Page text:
Neil Munro talks to the head of the inspectorate about its new role in enforcing child protection standards
HM Inspectorate of Education, in its new role as guardian of standards on child protection, aims to have a clear picture of how - and whether - the various agencies are performing by 2008, Graham Donaldson, senior chief inspector, said in an interview with The TES Scotland.
The inspections have already kicked off with the HMIE services for children unit scrutinising what is happening in East Lothian. There, the need was tragically - but entirely coincidentally, Mr Donaldson says - underlined by the case of local toddler Derek Doran who died after taking methadone prescribed for his heroin-addicted parents.
It led to a pledge from Jack McConnell, the First Minister, to make the safety of children with drug addict parents "an absolute priority".
The East Lothian investigation will look at all services in the area that deal with children - the local authority, police, the health service, care agencies and the voluntary sector. It will interview children and key staff.
"We will also look at all the files of children considered to be at risk, some of whom will be on the register and some who won't," Mr Donaldson said. "We will scrutinise how the various services impact on children and, importantly, how they communicate with each other. This will help us to establish good practice."
These problems were thrown into sharp relief once more last week by the Herbison report on the murder of Inverness pupil Danielle Reid, in which communication between agencies was yet again highlighted as a major weakness. Peter Peacock, Education Minister, immediately announced that inspectors would assess the actions taken in that case by all the agencies involved.
The specialised multidisciplinary unit that will carry out the inspections is led by Mr Donaldson and HMIE. It will consist of the education inspectorate and representatives from the Social Work Inspection Agency, the Scottish Commission for the Regulation of Care, HM Inspectorate of Constabulary and NHS Quality Improvement Scotland.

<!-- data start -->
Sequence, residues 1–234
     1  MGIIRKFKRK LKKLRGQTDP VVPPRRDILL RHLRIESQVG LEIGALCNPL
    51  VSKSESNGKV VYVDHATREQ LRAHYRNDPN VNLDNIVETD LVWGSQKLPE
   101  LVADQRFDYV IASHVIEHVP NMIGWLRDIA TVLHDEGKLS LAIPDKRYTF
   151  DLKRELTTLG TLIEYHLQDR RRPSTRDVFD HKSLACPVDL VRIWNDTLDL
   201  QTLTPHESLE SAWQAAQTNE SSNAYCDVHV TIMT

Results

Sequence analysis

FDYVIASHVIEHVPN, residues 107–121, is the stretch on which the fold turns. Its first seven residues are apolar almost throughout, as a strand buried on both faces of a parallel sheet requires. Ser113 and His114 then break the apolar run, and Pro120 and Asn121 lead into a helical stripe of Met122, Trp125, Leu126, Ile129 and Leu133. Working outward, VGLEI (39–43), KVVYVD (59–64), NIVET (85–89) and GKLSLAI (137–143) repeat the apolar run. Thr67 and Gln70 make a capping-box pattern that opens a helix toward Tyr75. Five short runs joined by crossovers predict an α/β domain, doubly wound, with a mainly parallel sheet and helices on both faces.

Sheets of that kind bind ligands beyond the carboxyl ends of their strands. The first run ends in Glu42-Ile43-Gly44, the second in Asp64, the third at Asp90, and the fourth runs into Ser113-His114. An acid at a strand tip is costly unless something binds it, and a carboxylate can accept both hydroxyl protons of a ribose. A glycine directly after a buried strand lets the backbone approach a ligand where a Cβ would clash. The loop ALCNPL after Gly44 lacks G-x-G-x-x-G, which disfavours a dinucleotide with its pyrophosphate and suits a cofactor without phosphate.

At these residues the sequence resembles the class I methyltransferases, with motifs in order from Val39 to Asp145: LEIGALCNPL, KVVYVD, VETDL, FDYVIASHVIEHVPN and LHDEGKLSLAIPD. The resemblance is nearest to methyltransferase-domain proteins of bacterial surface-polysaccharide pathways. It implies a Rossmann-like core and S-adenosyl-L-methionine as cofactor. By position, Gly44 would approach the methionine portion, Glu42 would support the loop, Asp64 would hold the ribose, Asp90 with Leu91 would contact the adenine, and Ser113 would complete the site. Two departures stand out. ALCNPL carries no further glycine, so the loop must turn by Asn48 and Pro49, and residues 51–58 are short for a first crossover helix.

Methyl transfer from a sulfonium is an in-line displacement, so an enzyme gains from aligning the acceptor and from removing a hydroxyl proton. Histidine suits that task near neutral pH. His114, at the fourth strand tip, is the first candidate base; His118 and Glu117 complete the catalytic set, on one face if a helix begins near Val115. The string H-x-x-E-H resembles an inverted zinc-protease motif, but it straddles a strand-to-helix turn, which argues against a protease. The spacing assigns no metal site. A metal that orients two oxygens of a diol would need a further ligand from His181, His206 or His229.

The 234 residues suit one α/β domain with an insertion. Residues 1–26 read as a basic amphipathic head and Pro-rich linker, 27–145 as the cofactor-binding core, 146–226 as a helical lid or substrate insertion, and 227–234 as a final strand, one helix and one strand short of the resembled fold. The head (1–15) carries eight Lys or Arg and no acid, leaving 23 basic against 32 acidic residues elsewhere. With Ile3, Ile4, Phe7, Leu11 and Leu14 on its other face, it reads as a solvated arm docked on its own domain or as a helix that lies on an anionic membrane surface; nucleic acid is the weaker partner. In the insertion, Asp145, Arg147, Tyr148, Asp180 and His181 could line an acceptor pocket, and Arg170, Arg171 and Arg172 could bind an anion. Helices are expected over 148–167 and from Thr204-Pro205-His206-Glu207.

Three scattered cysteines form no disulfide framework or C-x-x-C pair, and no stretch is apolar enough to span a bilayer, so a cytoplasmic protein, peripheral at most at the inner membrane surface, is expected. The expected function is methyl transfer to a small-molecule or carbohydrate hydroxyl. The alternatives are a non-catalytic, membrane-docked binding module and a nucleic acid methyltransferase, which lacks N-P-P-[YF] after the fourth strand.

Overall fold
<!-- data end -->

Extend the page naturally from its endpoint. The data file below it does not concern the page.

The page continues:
There will also be associate assessors, 80 of whom have already been recruited to join inspection teams. "This refreshes the inspection process because it means contact with the field," Mr Donaldson says, "but it also helps build capacity in the system."
Child protection inspections have already been tried out successfully in pilots in East Dunbartonshire and Highland, the authority where - again coincidentally -Danielle Reid was a pupil.
It is clear the approach will very much emulate that taken in schools and education authorities. Mr Donaldson says the big questions that will be asked are:
* What are the main outcomes achieved for children at risk?
* What impact have services had?
* How well are key processes delivered?
* How good is operational management?
* How effective is strategic leadership?
* What is the capacity for improvement?
"This is intended to lead to the creation of a common language to evaluate what we are doing and disseminate good practice, creating a process and a culture of self-evaluation," Mr Donaldson commented. As such, it is in line with the methods adopted in How Good Is Our School? - known in other inspection jurisdictions as "the Scottish approach".